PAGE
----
Some Questions Best Unanswered

by Firerose

He stared up at me: a stare that permitted no caution. Avon wasn't exactly handsome; his nose too long, those pale sensuous lips not in line with conventional ideas of male beauty. Still nothing about the man was exactly conventional.

Now, freed from the heat of the survival suit, his neck was beaded with sweat, the cream cotton shirt clung damply under his arms, across his chest; I could make out shadows of black fuzz. That exposed arm, almost as white as the bandage encircling it, accentuated against the black med-bay couch. That contrast repeated in the dark hair against the pale forehead that set off his dark eyes. And yes, I am back at his eyes; I always end up back at his eyes. For what took me off guard, as I sat across from him, was their directness. They were like the eyes of a child too young to have learned that it is not polite to stare.

Don't get me wrong, Avon's stare had nothing of childish innocence about it. But what it did seem to have was a childish lack of consideration for consequences.

He stared, and I was lost. It was as simple, and as complex, as that.

And just at that moment I was happy. I'd almost forgotten what it felt like to be happy. Because for two long years now, it had just been pain and stress and fatigue, hollow victories that sometimes looked as if they might yield something like happiness, but could never make me forget those years I'd forgotten, those friends whose faces I'd lost. But just at that moment -- gripping his hand, seeing acceptance reflected in that brown-dark stare -- happiness was newborn in me.

His bared arm held all the fascination of the unknown. I freed my fingertips to explore that hidden softness, that rich delicateness. And then leaned to sample the sensuous promise of those oh-so-kissable lips.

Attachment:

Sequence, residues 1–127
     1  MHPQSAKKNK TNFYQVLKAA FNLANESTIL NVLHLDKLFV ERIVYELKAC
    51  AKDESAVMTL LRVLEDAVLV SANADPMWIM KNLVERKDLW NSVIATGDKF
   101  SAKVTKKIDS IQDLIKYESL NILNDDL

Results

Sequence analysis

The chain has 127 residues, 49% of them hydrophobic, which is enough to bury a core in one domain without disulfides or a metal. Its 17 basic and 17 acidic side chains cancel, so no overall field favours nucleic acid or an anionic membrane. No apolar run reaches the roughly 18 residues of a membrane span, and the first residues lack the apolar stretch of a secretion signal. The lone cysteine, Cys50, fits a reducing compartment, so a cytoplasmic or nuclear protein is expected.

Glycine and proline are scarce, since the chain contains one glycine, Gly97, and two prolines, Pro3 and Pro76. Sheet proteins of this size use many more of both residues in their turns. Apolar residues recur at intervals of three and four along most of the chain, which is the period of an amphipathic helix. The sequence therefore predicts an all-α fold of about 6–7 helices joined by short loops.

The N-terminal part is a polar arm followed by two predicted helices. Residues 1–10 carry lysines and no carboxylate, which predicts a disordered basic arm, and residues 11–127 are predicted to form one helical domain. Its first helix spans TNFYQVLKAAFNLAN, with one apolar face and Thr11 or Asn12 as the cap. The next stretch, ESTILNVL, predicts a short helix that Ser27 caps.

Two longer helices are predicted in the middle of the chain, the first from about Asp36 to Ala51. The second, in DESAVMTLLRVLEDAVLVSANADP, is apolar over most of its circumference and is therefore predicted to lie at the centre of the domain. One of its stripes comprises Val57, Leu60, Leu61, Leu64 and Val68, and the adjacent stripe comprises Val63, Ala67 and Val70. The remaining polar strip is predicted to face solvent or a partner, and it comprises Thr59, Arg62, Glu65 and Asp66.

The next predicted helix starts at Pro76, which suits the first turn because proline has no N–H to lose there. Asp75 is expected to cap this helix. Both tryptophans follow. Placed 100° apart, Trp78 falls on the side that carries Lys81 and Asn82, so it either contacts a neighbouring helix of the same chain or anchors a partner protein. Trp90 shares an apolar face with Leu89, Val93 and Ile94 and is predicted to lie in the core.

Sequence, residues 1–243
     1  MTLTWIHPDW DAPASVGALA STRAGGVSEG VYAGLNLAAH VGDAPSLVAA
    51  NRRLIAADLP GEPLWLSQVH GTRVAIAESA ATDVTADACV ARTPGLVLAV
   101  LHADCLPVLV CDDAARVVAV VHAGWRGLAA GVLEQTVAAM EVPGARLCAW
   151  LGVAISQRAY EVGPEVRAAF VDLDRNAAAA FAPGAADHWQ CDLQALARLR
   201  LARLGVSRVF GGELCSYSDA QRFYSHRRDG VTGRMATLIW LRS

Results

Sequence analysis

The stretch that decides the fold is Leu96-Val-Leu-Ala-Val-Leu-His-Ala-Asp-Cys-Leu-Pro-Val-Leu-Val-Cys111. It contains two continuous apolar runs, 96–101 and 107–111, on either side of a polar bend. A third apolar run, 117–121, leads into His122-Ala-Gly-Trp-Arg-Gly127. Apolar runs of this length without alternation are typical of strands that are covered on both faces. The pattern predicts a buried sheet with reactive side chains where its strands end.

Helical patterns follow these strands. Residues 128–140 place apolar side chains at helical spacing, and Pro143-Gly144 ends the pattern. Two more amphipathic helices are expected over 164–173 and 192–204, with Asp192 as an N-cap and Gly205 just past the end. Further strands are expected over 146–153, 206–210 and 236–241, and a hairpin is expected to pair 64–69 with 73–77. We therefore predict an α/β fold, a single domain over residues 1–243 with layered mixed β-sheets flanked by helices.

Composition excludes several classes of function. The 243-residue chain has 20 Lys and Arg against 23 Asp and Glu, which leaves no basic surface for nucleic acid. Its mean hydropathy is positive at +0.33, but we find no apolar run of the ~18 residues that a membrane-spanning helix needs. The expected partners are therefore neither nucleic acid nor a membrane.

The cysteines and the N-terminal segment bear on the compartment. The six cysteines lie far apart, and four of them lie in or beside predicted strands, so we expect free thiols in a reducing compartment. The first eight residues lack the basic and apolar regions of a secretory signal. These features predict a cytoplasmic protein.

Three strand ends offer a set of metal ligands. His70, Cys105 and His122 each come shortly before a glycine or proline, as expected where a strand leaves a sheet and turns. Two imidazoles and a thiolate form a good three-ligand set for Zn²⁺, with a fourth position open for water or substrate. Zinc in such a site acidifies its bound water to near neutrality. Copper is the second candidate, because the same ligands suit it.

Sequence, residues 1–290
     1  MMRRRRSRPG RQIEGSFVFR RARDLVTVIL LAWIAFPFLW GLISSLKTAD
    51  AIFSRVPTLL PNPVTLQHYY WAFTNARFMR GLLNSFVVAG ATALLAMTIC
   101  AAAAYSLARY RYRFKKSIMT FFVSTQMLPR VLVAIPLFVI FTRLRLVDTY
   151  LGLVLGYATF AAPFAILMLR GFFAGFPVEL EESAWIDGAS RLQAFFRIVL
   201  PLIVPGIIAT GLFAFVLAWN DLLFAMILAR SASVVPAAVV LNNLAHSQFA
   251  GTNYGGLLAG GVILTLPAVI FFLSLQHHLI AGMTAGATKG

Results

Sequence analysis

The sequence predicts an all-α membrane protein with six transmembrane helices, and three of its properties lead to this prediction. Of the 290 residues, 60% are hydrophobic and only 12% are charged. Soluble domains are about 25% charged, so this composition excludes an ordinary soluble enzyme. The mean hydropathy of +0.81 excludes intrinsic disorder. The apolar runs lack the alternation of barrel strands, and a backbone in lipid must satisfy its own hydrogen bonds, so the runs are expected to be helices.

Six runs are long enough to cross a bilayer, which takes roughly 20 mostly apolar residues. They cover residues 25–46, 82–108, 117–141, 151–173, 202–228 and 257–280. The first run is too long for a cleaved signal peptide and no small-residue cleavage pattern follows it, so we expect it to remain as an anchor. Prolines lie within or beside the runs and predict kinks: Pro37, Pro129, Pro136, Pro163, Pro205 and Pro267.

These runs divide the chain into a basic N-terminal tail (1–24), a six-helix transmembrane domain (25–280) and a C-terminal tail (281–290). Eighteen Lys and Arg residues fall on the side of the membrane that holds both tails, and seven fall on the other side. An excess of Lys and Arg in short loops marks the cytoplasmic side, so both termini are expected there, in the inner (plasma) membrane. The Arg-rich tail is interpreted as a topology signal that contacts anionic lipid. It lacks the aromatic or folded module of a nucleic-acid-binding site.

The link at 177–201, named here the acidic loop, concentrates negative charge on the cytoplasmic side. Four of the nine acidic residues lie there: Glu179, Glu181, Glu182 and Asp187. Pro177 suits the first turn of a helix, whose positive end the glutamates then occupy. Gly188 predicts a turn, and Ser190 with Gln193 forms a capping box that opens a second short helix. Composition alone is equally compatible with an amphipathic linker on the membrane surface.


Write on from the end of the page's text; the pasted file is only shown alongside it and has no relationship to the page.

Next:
'But, Avon ...' My warm words congealed. There are some things you just cannot say to a man with that look on his face. 'I thought when you came down to Exbar after me, after all that you'd said about it being an unacceptable risk...'

'Well you were mistaken! That should not be a novel sensation for you, Blake. You do seem to have something of a talent for it.'


'I would say that it was typical of you to attempt to exploit me while I am weak and in pain; however you seem to have excelled yourself. Even your usual line in imposition falls rather short of preparing me for this.'

I was never sure what drew me to Avon's cabin that evening. Certainly not hope that I had misread the rejection in his face, his voice. But surely a friend -- and surely Avon was that -- would understand my desires even when he could not share them. Maybe just an attempt to get him to stop playing that dreadful music. The tinny noise echoed round my cabin each night, slid into my dreams.

I stood on the threshold. Avon would not have left the door unlocked unless he welcomed visitors? Stood behind him willing him to stop, to pay some attention to me. Willing myself to touch his shoulder in the friendly way we used to share.

The variation drew to a close with a flourish.

'You need not touch me to let me know you're there, Blake.'

Then very deliberately putting the desk between us. Sprawling back on the bed in an arrogant pose that could -- with another man, another time, another place -- have been a blatant invitation. But presumably wasn't.

I sat straddling the desk chair, head in hands, affecting to examine the strangely designed and richly ornamented keyboard in an attempt to keep my eyes off the bed. It failed.

Avon's eyes had not lost their dark draw because I could no longer believe they concealed emotions he feared to share. Nor his skin its translucent appeal. No, I was still lost. And in this trackless unknown, my only guide a man whose voice a moment ago had reminded me of the razor wire atop a prison wall.

But I needed something from Avon. Acceptance. Or at least ...

'Avon,' I started, 'I want ... I need ... to understand what you're thinking.'

'I don't owe you anything, let alone access to my thoughts.'

'Don't you think that you might just owe me your honesty?'

'Honesty?' If anything his frigid tone had hardened. 'If you want honesty then believe this, Blake. Your kind make me sick.'

I don't remember what else he said. Perhaps I did not even hear it. And, as I reeled out of Avon's cabin, I knew that I could never face its owner again. One of us would have to leave.


Thanks to David Leavitt for inspiration.

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